Yet this terrible pessimism seems to be mitigated by a messianic hope of a return of a ‘Great One’, expressed by a solitary scribe, Ipuwer, in the reign of Amenemhet I.7 This text is known to Egyptologists as ‘the admonition of an Egyptian sage, Ipuwer’, who was undoubtedly a priest at Heliopolis. It is the lament of a sage-priest who finds much confusion at court and in the land. There seems to be total chaos, with the populace entering and defiling the temples once carefully guarded by the priests; holy inscriptions are defaced, departmental offices are raided, and so on.8 The text clearly refers to the aftermath of a revolution, with the chaos and killings which follow such events: ‘Behold, the district councils of the land are expelled … a man smites his brother and the same mother. What is to be done?’9

The sage-priest is obviously addressing the court, which seems to be in emergency council and at a loss what to do next.10 Ipuwer, apparently the only one with the sense and courage to speak, says: ‘The districts of Egypt are devastated … every man says “we know not what has happened to the land” … civil war pays no tax … what is treasure without revenue? … woe is me for the misery of this time.11

Then he speaks of a great messianic hope, obviously intended for the son of the old and discredited Amenemhet I, who seems to have lost control over the people and the land. Ipuwer calls for a full resumption of the sacred rituals and observances at the temples, and reminds them of the time when an ‘ideal king’ had ruled Egypt in justice and peace: ‘Remember … it is said he is the shepherd of all men. There is no evil in his heart … Where is he today? Does he sleep perchance? Behold his might is not seen …’

Ipuwer makes a strange allusion to something ‘concealed’ within the pyramid, something he fears might not be there any more: ‘that which the pyramid concealed has become empty …’ Whatever the pyramid concealed was something of great value, indeed something so important that Ipuwer found it necessary to voice a powerful warning about it at court. While we cannot be sure what it was that so concerned Ipuwer, Sesostris I, who seems to have fulfilled Ipuwer’s messianic hopes, placed a great obelisk to mark the place where once had stood the most sacred of ‘pyramids’, the Benben Stone. Perhaps the knowledge of what had once been concealed inside the Great Pyramid had been lost. Certainly, when the pyramid was opened many centuries later by the Caliph Al Ma’a-moun, nothing was found.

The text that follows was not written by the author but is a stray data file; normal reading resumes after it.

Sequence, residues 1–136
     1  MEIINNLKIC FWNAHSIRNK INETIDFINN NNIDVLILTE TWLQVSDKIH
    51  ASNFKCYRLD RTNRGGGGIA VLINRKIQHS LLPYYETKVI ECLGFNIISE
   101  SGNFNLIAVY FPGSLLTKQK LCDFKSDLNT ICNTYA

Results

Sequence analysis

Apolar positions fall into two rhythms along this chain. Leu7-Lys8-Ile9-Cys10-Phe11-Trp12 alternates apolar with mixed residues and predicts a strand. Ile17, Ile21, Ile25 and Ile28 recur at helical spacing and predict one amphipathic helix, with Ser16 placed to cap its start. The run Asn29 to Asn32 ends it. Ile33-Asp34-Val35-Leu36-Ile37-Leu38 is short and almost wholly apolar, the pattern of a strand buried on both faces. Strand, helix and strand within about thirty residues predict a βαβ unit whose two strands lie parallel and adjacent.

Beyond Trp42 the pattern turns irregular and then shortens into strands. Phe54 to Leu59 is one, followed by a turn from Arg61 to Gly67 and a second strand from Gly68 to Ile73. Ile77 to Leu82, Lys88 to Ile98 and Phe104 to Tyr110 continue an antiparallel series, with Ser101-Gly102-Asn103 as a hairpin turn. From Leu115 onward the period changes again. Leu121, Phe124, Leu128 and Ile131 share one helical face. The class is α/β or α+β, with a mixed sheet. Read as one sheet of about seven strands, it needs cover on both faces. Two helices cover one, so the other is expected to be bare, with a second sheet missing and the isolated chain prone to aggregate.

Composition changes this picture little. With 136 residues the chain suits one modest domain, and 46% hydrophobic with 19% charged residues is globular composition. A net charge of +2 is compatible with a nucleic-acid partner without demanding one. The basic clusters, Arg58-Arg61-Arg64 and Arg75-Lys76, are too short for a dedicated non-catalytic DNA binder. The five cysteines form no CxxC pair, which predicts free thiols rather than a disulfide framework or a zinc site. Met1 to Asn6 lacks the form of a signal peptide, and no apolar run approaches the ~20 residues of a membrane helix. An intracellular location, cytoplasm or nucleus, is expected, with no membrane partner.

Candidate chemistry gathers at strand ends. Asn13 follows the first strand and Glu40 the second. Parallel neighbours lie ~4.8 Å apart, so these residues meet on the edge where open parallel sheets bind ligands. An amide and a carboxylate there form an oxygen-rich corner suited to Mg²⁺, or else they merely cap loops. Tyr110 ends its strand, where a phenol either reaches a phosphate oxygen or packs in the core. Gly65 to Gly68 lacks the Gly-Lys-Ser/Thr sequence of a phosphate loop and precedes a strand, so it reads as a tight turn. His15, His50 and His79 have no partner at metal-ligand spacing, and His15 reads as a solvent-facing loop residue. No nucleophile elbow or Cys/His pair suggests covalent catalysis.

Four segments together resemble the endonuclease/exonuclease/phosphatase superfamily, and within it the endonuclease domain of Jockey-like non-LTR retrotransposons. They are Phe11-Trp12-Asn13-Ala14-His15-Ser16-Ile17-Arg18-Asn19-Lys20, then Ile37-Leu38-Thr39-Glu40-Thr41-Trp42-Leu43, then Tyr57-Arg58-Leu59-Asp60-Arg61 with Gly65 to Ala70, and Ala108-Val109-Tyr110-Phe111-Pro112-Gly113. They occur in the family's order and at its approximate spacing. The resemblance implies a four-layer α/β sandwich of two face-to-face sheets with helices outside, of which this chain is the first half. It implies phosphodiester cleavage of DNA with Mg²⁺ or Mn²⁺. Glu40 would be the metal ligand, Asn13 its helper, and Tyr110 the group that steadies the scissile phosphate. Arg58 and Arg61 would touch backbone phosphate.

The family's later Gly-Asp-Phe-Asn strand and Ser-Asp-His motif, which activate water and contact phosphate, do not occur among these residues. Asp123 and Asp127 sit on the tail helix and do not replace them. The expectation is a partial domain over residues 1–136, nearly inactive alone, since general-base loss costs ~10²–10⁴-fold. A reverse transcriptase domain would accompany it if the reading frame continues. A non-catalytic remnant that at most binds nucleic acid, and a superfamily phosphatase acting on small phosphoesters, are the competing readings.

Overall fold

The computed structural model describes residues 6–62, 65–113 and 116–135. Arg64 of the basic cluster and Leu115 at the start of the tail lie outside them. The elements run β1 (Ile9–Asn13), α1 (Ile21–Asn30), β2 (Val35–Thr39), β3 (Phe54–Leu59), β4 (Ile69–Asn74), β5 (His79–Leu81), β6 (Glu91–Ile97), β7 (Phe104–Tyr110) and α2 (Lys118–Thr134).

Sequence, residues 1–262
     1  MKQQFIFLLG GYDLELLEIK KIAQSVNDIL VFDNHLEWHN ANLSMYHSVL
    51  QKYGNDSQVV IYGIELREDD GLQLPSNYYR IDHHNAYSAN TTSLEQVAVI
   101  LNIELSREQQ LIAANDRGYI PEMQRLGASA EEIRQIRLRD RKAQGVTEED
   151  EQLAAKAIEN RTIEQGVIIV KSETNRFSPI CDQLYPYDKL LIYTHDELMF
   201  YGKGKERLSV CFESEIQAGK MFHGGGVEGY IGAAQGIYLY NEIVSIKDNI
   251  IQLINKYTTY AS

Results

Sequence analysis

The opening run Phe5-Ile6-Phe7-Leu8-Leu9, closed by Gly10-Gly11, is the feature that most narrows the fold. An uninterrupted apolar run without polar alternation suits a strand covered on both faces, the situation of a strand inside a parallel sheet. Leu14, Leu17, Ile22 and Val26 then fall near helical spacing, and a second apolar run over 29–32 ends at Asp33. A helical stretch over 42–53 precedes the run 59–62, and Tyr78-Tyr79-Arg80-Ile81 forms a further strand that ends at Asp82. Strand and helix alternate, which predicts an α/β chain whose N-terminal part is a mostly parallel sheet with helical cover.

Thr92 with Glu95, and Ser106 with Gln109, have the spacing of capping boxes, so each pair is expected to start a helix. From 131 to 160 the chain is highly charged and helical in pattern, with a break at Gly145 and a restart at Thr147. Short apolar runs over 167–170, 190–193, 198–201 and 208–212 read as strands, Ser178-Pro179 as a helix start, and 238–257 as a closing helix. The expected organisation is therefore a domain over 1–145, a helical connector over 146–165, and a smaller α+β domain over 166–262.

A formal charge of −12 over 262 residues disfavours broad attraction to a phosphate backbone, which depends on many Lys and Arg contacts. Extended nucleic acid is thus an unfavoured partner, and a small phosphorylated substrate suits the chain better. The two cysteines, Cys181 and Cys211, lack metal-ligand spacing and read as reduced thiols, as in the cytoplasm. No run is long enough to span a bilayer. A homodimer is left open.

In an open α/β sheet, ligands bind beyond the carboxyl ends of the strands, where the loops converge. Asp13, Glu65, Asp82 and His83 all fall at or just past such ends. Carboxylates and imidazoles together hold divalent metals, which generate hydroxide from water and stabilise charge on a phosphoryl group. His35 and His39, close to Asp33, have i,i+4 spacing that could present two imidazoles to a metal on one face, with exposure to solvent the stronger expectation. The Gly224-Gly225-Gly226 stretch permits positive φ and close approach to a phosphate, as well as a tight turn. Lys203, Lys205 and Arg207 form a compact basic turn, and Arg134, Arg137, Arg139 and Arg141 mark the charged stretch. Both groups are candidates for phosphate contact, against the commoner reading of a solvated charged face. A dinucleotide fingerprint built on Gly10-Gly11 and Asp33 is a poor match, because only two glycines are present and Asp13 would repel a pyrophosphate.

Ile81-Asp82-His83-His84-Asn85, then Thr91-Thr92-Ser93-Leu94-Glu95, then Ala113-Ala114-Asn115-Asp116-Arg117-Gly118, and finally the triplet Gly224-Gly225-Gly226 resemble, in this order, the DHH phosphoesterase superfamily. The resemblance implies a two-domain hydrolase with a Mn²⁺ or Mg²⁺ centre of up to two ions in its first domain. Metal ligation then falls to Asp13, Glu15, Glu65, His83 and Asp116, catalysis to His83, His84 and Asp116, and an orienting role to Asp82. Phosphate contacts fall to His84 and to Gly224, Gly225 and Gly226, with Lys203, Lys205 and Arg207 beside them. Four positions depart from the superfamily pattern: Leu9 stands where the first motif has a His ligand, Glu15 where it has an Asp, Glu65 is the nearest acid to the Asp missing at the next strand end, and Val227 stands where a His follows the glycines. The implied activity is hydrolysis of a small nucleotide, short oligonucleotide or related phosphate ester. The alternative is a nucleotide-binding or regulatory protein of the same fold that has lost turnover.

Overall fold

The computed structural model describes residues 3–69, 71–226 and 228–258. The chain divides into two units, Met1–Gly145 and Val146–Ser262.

However, one further hope remained. Could the genius architect who designed the Great Pyramid have ensured that ‘that which was concealed in it’, was impossible to find and even more impossible to reach? Impossible, that is, without a little mechanical robot guided by electronic devices?

II Signpost to the Benben Stone

Let us take a look at the geographical environment where this drama may have taken place. The distance from Giza to the supposed position of the Temple of the Phoenix, going north-east, is about twenty-four kilometres. The distance from Giza to Letopolis, going due north, is just under sixteen kilometres, and that from Letopolis to the Temple of the Phoenix, due east, about eighteen.